February 1, 2018
Learn about how local governments limit the number of outlets where alcohol is sold
Inside this alcohol policy pack
- Background evidence: Alcohol and cancer
- Evidence-informed alcohol policy actions to reduce alcohol consumption in Canada
- Key statistics: Alcohol consumption in Canada’s largest cities
- Key statistics: Alcohol consumption in provinces and territories
- Public perceptions: Alcohol and cancer
- Economic evidence to support alcohol policy
- Indicators to measure progress on alcohol policy
Density of alcohol outlets
Regulate commercial and public availability of alcohola,1,2,3,4
Limit density of on- and off-premises alcohol outletsb,1,3,4
Degree of adoption in 31 Canadian municipalities
Current actions in Canada
A few examples exist at the municipal level in Canada where municipalities have limited density of alcohol outlets using zoning and, or land use bylaws:
- Surrey’s Locational Guideline requires that private liquor stores be located 400 m from children’s facilities (For example, schools, parks and playgrounds) as well as public libraries and recreation centres. It also requires private liquor stores not be located within 1 km of another private liquor store.
- Edmonton’s Zoning Bylaw requires a minimum separation distance of 500 m between alcohol outlets. In addition, bylaw prohibits alcohol outlets less than 100 m from any site being used for community or recreation activities (For example, community league buildings and facilities, and children’s playgrounds and play areas), public or private education or public lands.
- Fredericton’s Zoning Bylaw does not permit alcohol outlets within 300 m of a place of worship, school or in a building also used for residential purposes, with some exceptions.
- Calgary’s Land Use Bylaw does not permit liquor stores within 300 m of any other liquor stores, nor can they be located within 150 m of a school.
- Vancouver’s Liquor Store Guidelines indicate that no liquor store should be located within 150 m of a church, park, elementary or secondary school, community centre or neighbourhood house.
Local policy poolsc,d
- Land use and zoning bylaws
- Business license bylaws
- Fees bylaws
Examples of local actionc,d
Municipalities can strengthen zoning, land use or other by-laws to prohibit businesses that sell alcohol in a certain area.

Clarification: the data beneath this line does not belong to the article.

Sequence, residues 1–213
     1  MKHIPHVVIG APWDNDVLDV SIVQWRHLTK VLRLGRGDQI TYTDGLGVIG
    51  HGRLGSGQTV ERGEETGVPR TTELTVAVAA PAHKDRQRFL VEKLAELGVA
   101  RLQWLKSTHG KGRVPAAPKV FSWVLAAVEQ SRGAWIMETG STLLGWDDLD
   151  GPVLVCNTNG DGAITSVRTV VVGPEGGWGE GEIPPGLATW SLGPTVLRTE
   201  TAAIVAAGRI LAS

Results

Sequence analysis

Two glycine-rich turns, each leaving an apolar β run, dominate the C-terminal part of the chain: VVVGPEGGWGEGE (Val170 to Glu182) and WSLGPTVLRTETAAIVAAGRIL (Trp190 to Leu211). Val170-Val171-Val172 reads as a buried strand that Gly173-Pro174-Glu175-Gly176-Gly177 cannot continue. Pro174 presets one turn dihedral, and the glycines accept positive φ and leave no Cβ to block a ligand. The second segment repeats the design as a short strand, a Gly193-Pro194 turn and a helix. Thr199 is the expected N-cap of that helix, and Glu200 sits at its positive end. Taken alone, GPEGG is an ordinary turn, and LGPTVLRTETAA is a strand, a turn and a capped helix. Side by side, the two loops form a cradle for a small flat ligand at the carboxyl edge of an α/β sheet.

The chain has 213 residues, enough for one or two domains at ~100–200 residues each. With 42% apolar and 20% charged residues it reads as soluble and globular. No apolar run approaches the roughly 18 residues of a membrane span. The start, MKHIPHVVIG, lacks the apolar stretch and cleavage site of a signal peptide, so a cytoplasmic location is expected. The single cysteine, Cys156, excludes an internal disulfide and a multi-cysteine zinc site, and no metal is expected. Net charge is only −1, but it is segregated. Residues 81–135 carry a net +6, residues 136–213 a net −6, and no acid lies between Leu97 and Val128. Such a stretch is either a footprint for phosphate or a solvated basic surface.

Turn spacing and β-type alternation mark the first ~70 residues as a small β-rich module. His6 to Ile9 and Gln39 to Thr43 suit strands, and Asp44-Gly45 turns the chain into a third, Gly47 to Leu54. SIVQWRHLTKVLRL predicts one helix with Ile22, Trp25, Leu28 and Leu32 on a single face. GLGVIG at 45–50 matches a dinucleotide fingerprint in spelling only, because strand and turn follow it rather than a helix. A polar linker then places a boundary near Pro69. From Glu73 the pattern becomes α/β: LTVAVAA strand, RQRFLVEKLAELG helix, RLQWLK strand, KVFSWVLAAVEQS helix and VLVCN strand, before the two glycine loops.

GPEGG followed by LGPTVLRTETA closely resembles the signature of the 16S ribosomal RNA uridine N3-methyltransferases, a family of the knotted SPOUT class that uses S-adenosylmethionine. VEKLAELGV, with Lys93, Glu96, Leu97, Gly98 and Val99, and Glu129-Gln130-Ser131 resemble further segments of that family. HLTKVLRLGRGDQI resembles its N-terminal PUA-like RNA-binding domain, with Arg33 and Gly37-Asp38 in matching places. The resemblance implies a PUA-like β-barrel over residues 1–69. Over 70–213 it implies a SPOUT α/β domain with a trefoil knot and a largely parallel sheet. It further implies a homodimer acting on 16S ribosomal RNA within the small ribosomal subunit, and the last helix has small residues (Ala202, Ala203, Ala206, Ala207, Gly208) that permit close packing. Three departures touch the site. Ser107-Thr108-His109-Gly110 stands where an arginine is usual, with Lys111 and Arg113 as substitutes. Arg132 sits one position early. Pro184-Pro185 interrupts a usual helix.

Municipalities can also strengthen these bylaws to set limits on the number of licensed establishments allowed in a certain geographic area.
Municipalities can use licensing to require health impact assessments for every alcohol license application. Municipalities can evaluate these and contest those that could adversely impact a neighbourhood.
Municipalities can discourage introduction or expansion of U-Brew and U-Vin industries. Where they exist, licensing can be made contingent upon matching socially referenced prices for beverage alcohol in that jurisdiction.
1- World Cancer Research Fund International (2009). Policy and Action for Cancer Prevention. Retrieved from: http://www.wcrf.org/sites/default/files/Policy_Report.pdf
2- World Health Organization (2013). Global Action Plan for the Prevention and Control of Non-Communicable Diseases. Retrieved from:
3- Cancer Care Ontario (2016). Prevention System Quality Index. Retrieved from:https://www.cancercareontario.ca/en/statistical-reports/prevention-system-quality-index
4- Public Health Ontario/Cancer Care Ontario (2012). Taking Action to Prevent Chronic Disease. Retrieved from: https://www.ccohealth.ca/en/report-taking-action-to-prevent-chronic-disease
a- Community Preventive Services Task Force (2009) Systematic Review: Alcohol – Excessive Consumption: Maintaining Limits on Hours of Sale
b-Community Preventive Services Task Force (2007) Systematic Review: Alcohol – Excessive Consumption: Regulation of Alcohol Outlet Density
c- Centre for Addiction and Mental Health (2013). Making the case for supporting local alcohol policy in Ontario
d- University of Victoria (2010). Helping Municipal Governments Reduce Alcohol-related Harms